The first step to understanding a new culture or place and feeling at home there is understanding the words for food. That means when you don’t belong somewhere, its often the first thing that throws you. If you no longer know how to ask for a sandwich, then how are you supposed to fit in? You are automatically exposed as a fake, a fraud and an outsider.
How do we learn about a new language? First we learn how to say our name, then how old we are and where we come from (already philosophically problematic for me), then we learn how to count, and in the next step we learn how to ask for food. ‘Dos cerveza por favor’, ‘un croque monsieur s’il vous plait’, ‘ich liebe Schwarzwälder Kirschtorte’, ‘twa fash suppers, n’a pickled ingin please pal’. You get the idea.
This is the story of my life. When I moved to Shropshire aged 8 and didn’t know what a ‘butty box’ was. When I left home for Scotland and was sent out to get ‘the messages’, or didn’t know that ‘juice’ meant pop, unless it was ‘dilutant juice’ and meant squash (unless it was ‘ginger’). When I moved to Leeds and didn’t understand that ‘going on the pasty run’ meant buying bacon butties (see Shropshire for reference), or that pronouncing makanek or kibbeh the wrong way when ordering Lebanese food in Abu Dhabi would insight at best hilarity and, at worst, embarrassed ridicule. If we don’t know how to ask for the food we want to eat, then we automatically point ourselves out as ‘other’. Therefore, our first step to fitting into a new place is always how to adapt and adopt the names for the local cuisine. Maybe we live there, maybe we are just visiting on holiday, but if you understand the difference between your souvlaki and your soufflé then you are halfway there to being accepted and feeling at home.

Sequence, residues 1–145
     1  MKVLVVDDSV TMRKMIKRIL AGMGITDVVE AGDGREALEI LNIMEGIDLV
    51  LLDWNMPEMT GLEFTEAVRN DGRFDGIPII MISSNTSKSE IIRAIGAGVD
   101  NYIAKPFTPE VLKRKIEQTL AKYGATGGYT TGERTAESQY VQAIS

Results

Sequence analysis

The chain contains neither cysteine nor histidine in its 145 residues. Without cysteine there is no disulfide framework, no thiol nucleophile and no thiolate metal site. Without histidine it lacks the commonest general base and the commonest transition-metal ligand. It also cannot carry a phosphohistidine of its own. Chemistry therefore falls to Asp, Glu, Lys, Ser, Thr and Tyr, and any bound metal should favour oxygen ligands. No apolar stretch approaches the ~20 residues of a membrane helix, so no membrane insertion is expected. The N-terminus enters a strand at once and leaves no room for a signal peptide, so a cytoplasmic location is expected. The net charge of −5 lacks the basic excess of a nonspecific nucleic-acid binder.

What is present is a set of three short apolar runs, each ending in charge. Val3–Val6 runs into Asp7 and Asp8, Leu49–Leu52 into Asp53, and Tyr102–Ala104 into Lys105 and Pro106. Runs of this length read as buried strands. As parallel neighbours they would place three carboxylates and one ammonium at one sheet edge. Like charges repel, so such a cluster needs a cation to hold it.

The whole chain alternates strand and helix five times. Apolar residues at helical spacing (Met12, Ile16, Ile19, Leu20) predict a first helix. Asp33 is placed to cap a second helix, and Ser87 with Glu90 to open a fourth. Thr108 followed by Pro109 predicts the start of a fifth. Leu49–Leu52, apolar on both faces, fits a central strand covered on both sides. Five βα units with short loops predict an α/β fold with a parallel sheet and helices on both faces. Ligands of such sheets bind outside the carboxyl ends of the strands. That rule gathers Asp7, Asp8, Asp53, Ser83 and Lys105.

Don’t underestimate the importance of food for defining how we fit in and helping us to make sense of the world. It shapes us (often literally) and develops our understanding of a place, region or culture. Loving and being able to name your food gives you a sense of belonging that you can never understand until you find yourself unable to explain your desire for a jacket potato in a land that only has room for dauphinois. Sharing a meal with others, on the other hand, needs no translation. So Slàinte Mhath my friends, and I leave you with this to decipher if you need to:
‘Some hae meat and canna eat,
And some wad eat that want it;
But we hae meat, and we can eat,
Sae let the Lord be thankit.’